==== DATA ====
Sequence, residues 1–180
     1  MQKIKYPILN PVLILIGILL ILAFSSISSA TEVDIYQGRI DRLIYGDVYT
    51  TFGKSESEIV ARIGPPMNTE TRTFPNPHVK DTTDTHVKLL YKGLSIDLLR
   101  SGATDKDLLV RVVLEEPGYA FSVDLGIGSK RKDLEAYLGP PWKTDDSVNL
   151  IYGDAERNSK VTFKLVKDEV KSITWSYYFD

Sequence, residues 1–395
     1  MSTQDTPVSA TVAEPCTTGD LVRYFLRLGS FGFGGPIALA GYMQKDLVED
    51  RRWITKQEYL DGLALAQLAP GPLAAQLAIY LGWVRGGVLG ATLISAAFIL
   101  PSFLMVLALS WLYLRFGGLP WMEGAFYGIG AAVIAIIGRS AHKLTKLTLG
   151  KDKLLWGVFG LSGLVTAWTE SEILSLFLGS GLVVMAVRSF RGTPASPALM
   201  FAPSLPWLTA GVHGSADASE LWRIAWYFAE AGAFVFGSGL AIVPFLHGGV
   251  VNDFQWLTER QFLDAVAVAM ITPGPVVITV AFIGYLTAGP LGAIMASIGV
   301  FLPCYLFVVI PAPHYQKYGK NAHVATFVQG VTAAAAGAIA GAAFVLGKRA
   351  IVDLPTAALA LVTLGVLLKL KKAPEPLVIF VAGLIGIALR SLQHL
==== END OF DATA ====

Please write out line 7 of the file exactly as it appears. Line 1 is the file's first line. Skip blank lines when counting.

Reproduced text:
     1  MSTQDTPVSA TVAEPCTTGD LVRYFLRLGS FGFGGPIALA GYMQKDLVED